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June 2014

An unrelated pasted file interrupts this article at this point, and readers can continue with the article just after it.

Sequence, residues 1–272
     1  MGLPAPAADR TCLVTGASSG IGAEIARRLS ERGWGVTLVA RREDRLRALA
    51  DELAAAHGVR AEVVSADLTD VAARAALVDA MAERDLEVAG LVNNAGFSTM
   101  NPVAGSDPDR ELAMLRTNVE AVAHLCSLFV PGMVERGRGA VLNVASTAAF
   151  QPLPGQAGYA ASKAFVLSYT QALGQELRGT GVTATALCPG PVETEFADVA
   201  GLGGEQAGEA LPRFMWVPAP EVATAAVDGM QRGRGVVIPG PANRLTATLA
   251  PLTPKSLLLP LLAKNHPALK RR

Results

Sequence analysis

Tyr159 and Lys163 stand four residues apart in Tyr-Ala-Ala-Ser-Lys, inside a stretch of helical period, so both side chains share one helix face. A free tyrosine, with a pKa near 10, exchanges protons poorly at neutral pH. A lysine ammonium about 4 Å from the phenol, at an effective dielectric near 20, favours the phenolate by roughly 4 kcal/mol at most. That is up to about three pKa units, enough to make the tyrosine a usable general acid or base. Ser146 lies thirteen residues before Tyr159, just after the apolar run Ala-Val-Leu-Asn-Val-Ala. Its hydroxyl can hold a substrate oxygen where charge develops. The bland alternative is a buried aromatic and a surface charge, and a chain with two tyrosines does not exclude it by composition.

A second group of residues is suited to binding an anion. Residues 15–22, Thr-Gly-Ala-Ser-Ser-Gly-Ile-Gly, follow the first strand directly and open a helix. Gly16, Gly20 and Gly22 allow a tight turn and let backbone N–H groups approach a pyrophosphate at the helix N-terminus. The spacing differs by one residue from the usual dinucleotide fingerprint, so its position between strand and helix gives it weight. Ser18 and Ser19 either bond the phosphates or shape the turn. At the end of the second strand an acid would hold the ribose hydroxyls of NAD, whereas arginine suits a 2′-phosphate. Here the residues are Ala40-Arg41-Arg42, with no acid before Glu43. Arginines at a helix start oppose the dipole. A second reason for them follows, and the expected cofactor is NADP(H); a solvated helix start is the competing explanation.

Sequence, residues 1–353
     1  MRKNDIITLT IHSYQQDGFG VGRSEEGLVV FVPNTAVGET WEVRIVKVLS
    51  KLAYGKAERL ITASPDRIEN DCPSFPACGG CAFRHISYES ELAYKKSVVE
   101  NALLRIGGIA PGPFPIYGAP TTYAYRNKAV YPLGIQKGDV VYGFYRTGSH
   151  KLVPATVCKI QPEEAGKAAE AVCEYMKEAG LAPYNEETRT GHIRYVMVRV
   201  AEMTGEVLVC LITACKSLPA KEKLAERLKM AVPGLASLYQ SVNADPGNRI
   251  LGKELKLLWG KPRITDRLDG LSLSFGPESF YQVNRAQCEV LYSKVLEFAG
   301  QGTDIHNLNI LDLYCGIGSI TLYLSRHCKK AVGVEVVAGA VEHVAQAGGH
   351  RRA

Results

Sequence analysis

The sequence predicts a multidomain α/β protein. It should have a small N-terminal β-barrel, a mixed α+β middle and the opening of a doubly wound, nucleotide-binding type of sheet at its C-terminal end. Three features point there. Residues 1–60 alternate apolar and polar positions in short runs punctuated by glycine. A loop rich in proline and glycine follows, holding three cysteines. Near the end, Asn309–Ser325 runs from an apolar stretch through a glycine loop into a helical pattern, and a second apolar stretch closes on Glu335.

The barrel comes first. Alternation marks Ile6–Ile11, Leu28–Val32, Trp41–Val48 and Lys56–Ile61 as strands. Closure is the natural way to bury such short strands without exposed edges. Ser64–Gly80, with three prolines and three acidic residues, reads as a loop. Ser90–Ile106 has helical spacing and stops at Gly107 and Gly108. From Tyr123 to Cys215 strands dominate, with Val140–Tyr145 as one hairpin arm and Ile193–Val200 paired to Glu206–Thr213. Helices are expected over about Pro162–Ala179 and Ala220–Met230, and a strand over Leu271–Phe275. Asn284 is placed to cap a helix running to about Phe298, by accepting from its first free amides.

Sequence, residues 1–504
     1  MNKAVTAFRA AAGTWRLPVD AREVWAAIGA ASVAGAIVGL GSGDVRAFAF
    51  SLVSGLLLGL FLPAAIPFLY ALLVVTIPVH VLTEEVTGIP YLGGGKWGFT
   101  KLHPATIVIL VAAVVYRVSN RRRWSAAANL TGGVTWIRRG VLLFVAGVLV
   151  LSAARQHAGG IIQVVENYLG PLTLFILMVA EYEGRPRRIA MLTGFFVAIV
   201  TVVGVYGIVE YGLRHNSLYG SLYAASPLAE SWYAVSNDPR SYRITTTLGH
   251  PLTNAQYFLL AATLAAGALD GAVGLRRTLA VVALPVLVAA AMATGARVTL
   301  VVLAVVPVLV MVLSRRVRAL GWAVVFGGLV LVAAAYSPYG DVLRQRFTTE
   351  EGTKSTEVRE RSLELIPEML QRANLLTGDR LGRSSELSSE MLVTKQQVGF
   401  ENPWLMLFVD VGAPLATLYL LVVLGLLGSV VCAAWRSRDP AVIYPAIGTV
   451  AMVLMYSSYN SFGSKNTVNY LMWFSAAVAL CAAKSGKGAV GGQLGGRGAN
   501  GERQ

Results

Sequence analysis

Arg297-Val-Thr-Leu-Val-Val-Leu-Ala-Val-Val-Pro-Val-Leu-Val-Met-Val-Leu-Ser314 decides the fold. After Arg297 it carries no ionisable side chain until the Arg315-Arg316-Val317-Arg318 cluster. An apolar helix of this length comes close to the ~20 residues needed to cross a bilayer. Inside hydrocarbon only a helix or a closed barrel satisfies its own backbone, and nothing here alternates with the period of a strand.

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Aruba may be one of the smallest islands in the Caribbean, but nobody could accuse it of lacking ambition. Utilities Aruba, the private, state-owned company that manages the generation, distribution and transmission of its energy and water, plans to ensure the island has 100 percent sustainable power by 2020.